Close Close

Financial Planning > Behavioral Finance

A uniform fiduciary standard won’t change anything

Your article was successfully shared with the contacts you provided.

Let me start by saying that you can’t impose morality and ethical behavior through legislation. Those that wish to take advantage of others for personal gain by nature do not follow the rules. Therefore, any legislation or rules attempting to enforce moral character, in my opinion, will not work. Don’t get me wrong, I think that change is necessary in the financial services industry, but there must be a better way.

I believe it is every financial advisor’s moral responsibility to put the clients’ interests ahead of their own with no exceptions.

Taking into consideration my statement above, the debate for a uniform fiduciary standard is flawed. Given the current model, registered investment advisors (RIAs) are regulated by the SEC (primarily under the Investment Advisers Act of 1940) and are the only type of advisor held to a fiduciary standard and are legally required to work in their clients’ best interest. Essentially this means that all other advisors have a moral (but not legal) responsibility to work in the clients’ best interest.  

See also: Like it or not, the fiduciary standard is coming.

I personally feel that the SEC and FINRA are ill-equipped to provide the necessary level of enforcement required if all financial advisors are fiduciaries. Given the rampant cases of investor fraud across the country, I see no end in sight, with nominal punishments for bad behavior.

For example, I recently read an article that mentioned an advisor receiving a $5,000 fine and one month suspension for cheating on his continuing education (CE) courses. Will that punishment curb the behavior in the future? I doubt it. Cheating is the result of someone’s conscious decision to break the rules. It’s a mindset. Once the line is crossed, what’s to stop that person from doing it again, but on a larger scale? In this instance, after one month, the advisor can begin to solicit business and work with clients to manage their money again. Would you want someone who has cheated in the past manage your money? I know I wouldn’t.

As the media clearly points out via the regular flow of articles on advisor misconduct, the current punishments are not curbing the behaviors. I’m an advocate for more substantial and strict punishments for misconduct and illegal activity. But that’s not going to solve the problem and neither is a legal responsibility.

An industry centered on money will always attract criminal activity.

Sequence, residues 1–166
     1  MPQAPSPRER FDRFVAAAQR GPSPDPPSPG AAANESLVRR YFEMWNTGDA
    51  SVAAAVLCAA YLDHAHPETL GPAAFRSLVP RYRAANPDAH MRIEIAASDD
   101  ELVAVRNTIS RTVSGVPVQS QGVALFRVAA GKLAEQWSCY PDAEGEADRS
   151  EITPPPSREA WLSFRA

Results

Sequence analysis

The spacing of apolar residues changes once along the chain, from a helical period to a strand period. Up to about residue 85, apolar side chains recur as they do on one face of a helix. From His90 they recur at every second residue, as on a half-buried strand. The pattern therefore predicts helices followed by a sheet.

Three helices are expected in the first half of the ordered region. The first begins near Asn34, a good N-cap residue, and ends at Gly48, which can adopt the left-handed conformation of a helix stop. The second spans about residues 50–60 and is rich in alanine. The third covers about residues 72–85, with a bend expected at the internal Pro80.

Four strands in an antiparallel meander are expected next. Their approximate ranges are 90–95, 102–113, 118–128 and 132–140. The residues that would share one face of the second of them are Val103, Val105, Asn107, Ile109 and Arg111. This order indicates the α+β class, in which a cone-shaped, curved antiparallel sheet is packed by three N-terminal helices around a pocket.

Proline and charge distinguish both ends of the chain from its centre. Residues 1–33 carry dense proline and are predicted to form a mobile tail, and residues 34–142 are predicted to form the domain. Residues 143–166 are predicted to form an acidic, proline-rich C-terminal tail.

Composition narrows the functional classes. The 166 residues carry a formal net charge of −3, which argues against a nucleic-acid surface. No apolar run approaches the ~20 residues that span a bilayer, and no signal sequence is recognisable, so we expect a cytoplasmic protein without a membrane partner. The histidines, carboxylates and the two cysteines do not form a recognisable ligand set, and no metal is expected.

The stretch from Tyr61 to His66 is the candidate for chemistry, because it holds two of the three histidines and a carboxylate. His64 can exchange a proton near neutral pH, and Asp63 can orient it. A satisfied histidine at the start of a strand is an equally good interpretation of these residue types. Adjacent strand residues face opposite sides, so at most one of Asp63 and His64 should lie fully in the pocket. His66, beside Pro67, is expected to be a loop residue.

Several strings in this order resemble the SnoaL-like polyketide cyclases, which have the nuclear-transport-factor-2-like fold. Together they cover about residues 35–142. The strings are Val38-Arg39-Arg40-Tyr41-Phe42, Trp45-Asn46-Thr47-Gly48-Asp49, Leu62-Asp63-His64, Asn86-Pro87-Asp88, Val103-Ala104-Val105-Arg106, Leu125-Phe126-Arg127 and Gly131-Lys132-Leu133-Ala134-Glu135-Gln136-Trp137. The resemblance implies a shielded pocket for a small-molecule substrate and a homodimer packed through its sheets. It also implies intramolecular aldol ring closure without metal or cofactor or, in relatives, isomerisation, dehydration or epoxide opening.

More on this topic

Next, there is the argument of compensation in which I revert back to my previous statement. Regardless of how an advisor is compensated, I feel it is their “moral responsibility” to put the clients’ interest first. There isn’t a compensation model available today that eliminates biased advice. Commissioned advisors may be biased by offering insurance products and/or investments that pay them a higher commission. However, fee-only advisors provide recommendations that may be biased as well. For example, advisors have certain insurance products and investment vehicles that they prefer to offer their clients based on past performance, familiarity with the product, and their own personal preferences. The manner in which they are compensated does not deter them from favoring certain insurance and investment vehicles in their financial plans for clients. Therefore, their advice lends itself to bias because of their own personal preferences. 

How do we protect ourselves and minimize the risk of being the victim of fraudulent activity? Become more aware! In most cases when we think of crime, we protect ourselves with things like neighborhood watches and self-defense classes. We watch shows and read articles on crime prevention. Why? We are afraid of physical harm. However, when it comes to our money, Americans find themselves less than prepared to protect themselves. With skyrocketing debt-per-household numbers and bankruptcy filings in American, it is clear that we are not holding ourselves accountable. According to a financial literacy study titled “Study Regarding Financial Literacy Among Investors” conducted by the SEC in August 2012, they discussed the existing level of financial literacy in the U.S.

As stated in the findings: “Studies reviewed by the Library of Congress indicated that U.S. retail investors lack basic financial literacy. The studies demonstrate that investors have a weak grasp of elementary financial concepts and lack critical knowledge of ways to avoid investment fraud.”

Dare I say that we have a financial literacy epidemic on our hands? A uniform fiduciary standard doesn’t change the fact that an investor may not even know if an advisor is working in their best interest (even if they were) because he or she may lack elementary knowledge of financial concepts and critical knowledge on how to avoid investment fraud as stated in the study findings.

Perhaps if we better educate the average investor by providing sound and unbiased financial education, we can better equip investors to be able to identify potential investment fraud and empower them to select the type of advisor that is appropriate for their specific needs. In my opinion, there needs to be a cultural shift in the country rather than a legislative movement to clean up the industry.

There is no easy answer to the problems plaguing the financial industry and America, but as an industry, all sides must come together to make any substantial progress and stop casting blame.

For more from Todd Greider, see: